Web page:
As you are no doubt aware, President Monson passed away Tuesday evening. As I have before when a member of the Q15 passes away, in this post I’ll show how the probabilities of becoming Church President change for the other members as a result.
All the probabilities come from a simulation I did for a post back in 2015. It’s a straightforward simulation: it uses an actuarial table and each Q15 member’s age and seniority in the quorum as inputs, and it draws a series of random numbers to simulate different possible life expectancies for each member. The life expectancies are then compared to find in what fraction of the simulations each member outlives all other members senior to him to become President. I did 100,000 replications for each run. That is, 100,000 times I drew random numbers for each Q15 member and compared them to his survival probability each year, and then worked out whether each member would become President or not in that scenario, and how many years he would serve if he did. For a more detailed description of the process, see my earlier post.
I realized when writing this post up that I had never done a post to show changes in the probabilities after Elder Hales passed away last October. I’ll start with that. This table shows the changes in probabilities and average number of years serving as President for the other Q15 members after Elder Hales died. Note that all the numbers, including ages, are as of October, 2017.
The reason I didn’t put this table together at the time of Elder Hales’s death is that I expected that little had changed. Elder Hales was quite a bit older than all members junior to him except for Elder Eyring, and Elder Eyring was already unlikely to become President because he was blocked by a much-younger Elder Holland. I have to say that the movements, while not large, are actually larger than I had expected. Elder Holland in particular got a seven-point increase in his probability, and a six-month increase in his expected term as President (assuming he becomes President). Elder Eyring, President Uchtdorf, and Elder Bednar also got smaller bumps in their probabilities of becoming President. There’s not much movement further down on the seniority list, as these men were already almost certain to outlive Elder Hales.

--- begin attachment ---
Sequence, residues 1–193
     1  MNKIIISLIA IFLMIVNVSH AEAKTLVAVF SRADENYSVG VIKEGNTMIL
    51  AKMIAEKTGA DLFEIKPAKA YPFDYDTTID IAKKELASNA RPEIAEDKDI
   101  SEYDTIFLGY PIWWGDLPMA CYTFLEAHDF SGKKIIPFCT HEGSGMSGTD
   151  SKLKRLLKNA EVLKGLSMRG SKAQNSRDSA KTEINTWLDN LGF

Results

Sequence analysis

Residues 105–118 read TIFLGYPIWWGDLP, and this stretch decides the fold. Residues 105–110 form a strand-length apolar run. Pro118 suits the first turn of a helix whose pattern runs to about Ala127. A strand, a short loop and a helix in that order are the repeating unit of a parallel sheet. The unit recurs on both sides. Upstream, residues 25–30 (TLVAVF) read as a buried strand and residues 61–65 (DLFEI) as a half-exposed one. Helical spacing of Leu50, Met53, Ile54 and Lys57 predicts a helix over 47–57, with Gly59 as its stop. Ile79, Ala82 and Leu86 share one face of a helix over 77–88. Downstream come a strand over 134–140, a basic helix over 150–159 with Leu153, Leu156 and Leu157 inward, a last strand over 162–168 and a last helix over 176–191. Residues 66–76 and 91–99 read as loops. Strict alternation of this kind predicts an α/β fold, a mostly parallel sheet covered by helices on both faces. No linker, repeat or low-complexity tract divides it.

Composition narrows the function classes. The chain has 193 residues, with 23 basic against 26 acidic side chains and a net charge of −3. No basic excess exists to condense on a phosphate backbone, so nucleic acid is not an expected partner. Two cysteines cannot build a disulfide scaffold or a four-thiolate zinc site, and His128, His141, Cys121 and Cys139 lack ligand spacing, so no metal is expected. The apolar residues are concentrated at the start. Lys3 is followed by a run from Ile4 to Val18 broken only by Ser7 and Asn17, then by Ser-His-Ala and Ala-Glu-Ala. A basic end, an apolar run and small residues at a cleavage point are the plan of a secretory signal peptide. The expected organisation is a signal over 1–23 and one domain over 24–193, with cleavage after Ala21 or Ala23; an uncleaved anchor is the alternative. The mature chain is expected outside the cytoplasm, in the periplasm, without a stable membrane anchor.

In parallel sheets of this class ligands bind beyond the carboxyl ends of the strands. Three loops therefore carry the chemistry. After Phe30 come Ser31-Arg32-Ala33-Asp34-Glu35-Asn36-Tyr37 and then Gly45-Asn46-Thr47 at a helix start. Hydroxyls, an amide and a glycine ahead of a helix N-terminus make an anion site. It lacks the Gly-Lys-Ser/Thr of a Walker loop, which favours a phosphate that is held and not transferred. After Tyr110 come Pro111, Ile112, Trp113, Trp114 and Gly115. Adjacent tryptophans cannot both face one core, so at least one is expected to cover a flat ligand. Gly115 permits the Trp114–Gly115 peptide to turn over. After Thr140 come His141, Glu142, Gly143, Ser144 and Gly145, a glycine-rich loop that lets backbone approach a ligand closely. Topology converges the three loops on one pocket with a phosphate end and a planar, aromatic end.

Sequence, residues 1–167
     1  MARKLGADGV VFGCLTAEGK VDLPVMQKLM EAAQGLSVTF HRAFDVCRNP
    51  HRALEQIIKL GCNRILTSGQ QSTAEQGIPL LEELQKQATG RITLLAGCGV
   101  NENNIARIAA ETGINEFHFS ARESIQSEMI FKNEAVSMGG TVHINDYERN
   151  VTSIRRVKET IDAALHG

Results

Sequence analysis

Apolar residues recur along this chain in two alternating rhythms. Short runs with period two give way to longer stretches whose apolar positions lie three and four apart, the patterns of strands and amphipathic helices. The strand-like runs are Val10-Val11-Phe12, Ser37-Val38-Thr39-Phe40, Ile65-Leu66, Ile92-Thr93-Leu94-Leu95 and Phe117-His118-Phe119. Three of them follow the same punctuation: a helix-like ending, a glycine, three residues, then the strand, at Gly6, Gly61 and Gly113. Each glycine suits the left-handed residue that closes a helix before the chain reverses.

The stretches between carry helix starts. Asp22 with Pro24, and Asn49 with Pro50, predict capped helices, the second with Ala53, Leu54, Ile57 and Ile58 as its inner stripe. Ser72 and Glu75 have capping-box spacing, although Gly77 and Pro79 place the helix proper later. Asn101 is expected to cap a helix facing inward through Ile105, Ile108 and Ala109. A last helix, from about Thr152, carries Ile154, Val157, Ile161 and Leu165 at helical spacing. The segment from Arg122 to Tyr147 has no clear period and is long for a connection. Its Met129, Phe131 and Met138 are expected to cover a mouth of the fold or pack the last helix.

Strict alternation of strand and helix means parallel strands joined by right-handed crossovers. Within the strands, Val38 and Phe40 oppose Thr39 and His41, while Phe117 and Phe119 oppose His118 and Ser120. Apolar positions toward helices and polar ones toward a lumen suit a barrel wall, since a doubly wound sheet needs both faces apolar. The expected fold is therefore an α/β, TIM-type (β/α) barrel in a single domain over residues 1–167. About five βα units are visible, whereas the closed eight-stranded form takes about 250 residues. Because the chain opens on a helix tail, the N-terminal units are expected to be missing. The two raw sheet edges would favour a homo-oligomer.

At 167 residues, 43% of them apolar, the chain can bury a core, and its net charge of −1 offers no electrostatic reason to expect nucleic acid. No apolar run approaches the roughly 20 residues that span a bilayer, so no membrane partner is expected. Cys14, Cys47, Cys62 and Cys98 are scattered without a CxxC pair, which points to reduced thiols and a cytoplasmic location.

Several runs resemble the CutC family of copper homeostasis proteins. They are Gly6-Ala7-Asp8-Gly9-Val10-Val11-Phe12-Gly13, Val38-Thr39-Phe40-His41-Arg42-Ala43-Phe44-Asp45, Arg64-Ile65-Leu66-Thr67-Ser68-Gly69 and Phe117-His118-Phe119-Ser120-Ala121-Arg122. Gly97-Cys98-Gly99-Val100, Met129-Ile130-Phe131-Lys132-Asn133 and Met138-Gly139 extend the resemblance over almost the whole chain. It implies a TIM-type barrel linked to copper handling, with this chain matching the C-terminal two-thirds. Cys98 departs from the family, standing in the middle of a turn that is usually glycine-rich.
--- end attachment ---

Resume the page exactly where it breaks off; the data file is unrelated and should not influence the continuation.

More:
One other thing to note is that the change values in the table don’t exactly line up with the separate values they are showing change between. For example, for Elder Christofferson, the change from a 4.8 year average presidency length to 4.9 years is shown as 0.2 years. This isn’t an error, but rather it occurs because all three values are rounded separately. The unrounded values might be 4.76 years to 4.94 years, for a difference of 0.18 years, for example.
Here’s the table for changes with President Monson’s passing.
The obvious change here is that President Nelson went from having only a 37% chance of becoming President to having a 100% chance (assuming the Q15 doesn’t break with tradition or something unusual like that). As he was next in line, this just reflects that the actuarial table gave him a 37% chance of outliving President Monson. This fact really shows the limitation of the process of using the same actuarial table for all Q15 members, as it has seemed quite clear in recent years that President Nelson was in better health than President Monson, even though the age difference (and therefore the actuarial table) favored President Monson to live longer.
Elders Oaks and Ballard also got noticeable increases in their chances of becoming President. As with the previous table, there is little to no action further down in the seniority list, as the men in more junior positions were almost certain to outlive President Monson already. Note that Elder Stevenson’s chances decline by one percentage point. I’m pretty sure this is just a quirk of the simulation. I ran 100,000 replications each time, and by happenstance, he made it to President a little less often in the second run, that excluded President Monson. If I had run with more replications (a million or even more), his probability would likely come out to be virtually the same in the runs that included President Monson versus the ones that excluded him.
I’ll post an updated graph in the next few days that shows each Q15 members’ probability of being President at individual points in time in the future (like the lower graph in my 2015 post).